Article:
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          Effect of chronic renal failure on bone turnover and bone alkaline phosphatase isoforms.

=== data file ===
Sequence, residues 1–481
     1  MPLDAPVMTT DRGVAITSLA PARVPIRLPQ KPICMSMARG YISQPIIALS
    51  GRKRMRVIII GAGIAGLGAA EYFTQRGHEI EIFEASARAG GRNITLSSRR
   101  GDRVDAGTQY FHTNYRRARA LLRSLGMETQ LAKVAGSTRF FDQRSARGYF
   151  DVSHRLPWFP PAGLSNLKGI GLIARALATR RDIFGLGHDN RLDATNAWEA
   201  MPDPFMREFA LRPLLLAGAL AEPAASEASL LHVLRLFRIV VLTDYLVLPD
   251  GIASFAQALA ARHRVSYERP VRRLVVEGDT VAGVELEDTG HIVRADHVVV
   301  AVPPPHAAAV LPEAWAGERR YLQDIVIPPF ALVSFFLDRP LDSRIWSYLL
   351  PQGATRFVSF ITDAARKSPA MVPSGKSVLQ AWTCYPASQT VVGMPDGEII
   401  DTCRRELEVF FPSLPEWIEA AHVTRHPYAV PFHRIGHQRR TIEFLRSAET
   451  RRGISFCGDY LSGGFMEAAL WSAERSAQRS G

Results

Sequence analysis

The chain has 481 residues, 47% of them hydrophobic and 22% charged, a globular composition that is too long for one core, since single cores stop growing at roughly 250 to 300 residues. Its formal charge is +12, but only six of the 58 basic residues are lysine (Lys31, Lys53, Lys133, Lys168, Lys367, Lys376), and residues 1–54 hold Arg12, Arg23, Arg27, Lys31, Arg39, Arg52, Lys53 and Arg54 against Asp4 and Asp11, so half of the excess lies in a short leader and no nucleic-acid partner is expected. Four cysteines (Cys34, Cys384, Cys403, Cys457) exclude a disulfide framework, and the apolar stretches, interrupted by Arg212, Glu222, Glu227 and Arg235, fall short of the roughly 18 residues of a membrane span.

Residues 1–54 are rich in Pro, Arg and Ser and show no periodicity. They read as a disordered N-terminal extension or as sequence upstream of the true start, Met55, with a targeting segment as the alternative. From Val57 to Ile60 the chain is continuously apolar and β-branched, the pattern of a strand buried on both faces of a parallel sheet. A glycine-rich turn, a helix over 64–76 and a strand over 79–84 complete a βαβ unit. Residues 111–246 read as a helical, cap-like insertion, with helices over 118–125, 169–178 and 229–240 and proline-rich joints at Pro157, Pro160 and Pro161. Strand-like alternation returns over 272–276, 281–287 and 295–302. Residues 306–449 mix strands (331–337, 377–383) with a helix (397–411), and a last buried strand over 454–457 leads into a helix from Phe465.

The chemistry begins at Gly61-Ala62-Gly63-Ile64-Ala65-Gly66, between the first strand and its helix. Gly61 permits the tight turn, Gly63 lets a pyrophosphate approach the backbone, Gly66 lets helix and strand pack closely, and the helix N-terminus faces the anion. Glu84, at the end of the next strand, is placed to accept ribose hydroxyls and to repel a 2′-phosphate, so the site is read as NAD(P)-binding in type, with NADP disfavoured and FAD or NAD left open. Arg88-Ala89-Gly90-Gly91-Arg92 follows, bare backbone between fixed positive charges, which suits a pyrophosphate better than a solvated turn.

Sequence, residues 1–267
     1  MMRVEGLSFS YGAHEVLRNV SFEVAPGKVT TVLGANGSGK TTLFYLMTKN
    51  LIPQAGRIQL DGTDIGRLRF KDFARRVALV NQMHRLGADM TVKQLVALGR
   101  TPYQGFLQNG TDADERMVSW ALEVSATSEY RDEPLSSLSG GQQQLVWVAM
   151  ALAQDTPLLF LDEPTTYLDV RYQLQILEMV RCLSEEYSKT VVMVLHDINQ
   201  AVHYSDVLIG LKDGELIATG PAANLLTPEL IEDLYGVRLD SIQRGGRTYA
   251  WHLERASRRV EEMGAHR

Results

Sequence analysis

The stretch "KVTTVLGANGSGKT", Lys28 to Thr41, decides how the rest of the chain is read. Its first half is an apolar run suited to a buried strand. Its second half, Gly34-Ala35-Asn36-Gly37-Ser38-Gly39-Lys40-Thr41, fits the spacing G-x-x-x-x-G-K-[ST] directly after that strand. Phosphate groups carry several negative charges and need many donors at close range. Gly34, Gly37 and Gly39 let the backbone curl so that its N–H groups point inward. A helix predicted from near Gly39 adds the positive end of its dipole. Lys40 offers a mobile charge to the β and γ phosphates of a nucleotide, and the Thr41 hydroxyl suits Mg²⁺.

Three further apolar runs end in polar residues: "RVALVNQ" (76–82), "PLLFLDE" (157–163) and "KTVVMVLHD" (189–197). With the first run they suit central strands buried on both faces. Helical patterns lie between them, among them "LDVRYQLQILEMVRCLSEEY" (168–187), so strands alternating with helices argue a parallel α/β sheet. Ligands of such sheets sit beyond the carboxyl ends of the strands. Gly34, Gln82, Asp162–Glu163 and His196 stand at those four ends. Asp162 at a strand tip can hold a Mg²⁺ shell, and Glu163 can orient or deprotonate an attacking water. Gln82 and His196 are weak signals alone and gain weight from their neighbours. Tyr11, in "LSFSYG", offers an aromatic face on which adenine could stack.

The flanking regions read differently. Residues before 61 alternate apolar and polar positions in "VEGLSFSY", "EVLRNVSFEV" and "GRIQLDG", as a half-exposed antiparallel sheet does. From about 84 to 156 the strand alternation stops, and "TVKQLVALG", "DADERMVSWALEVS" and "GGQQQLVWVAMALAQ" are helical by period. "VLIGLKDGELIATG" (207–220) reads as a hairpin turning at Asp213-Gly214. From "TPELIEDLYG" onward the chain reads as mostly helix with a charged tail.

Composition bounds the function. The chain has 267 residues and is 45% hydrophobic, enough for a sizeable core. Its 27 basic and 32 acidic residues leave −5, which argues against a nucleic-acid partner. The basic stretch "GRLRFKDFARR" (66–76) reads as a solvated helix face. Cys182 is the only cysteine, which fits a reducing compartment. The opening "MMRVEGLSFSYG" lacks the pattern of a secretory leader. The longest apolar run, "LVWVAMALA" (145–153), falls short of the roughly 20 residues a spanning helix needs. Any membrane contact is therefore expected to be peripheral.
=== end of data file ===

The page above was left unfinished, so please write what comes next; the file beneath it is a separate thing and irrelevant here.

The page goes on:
Biochemical markers of bone turnover are used to monitor metabolic bone disease associated with renal failure. We have applied a comprehensive panel of markers to patients with chronic renal failure (CRF), with particular focus on the isoforms of bone alkaline phosphatase (BALP). Twenty CRF patients undergoing hemodialysis (N = 9) and peritoneal dialysis (N = 11) were measured for serum parathyroid hormone (PTH), osteocalcin, total ALP, and four BALP isoforms (B/I, B1x, B1, and B2) by high-performance liquid chromatography. These BALP isoforms were also compared with BALP measured by three commercial immunoassays (Alkphase-B, Tandem-R Ostase, and Tandem-MP Ostase). Type I collagen turnover was assessed by serum samples using the type I procollagen intact amino- and carboxy-terminal propeptides (PINP and PICP) and two fragments (ICTP and CrossLaps) derived from the carboxy-terminal telopeptide of mature matrix collagen by different degradative pathways. Mean levels of bone turnover markers were elevated in CRF, with marked increases in those markers, osteocalcin, ICTP, and CrossLaps, cleared by the kidney. Total ALP activities were increased corresponding to elevated B/I and B2 isoform levels. The B1 isoform level was not significantly different from healthy controls. B1x was detected in 60% of the patients but was not resolved in healthy individuals. Kendall's tau rank correlation showed that B1x correlated significantly (P < 0.05) with B1 (0.53) and PINP (0.55), and was the only marker to correlate with PTH (0.49). B1x was not significantly correlated with any of the commercial BALP immunoassays. Interestingly, the immunoassay calibrators contained high activities of the B/I peak (39 to 80%) compared with human serum (4%). There are selective differences between the BALP isoforms in CRF compared with healthy adults. The commercial BALP immunoassays are comparable with each other but are unable to distinguish the BALP isoform-specific differences in CRF patients.